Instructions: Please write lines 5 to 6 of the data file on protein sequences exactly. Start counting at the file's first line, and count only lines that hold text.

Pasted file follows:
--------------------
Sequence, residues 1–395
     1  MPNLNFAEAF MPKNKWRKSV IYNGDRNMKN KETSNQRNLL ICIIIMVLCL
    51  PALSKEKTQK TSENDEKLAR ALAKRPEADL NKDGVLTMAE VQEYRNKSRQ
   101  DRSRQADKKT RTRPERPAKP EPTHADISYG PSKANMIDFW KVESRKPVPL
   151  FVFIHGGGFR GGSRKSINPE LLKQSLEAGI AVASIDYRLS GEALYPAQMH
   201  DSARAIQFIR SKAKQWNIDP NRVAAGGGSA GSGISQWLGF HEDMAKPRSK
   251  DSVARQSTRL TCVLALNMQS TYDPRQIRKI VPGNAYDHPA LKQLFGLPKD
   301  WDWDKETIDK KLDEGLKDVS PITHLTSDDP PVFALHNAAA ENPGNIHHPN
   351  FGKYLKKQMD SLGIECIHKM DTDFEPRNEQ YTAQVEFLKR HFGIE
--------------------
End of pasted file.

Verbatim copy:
   151  FVFIHGGGFR GGSRKSINPE LLKQSLEAGI AVASIDYRLS GEALYPAQMH
   201  DSARAIQFIR SKAKQWNIDP NRVAAGGGSA GSGISQWLGF HEDMAKPRSK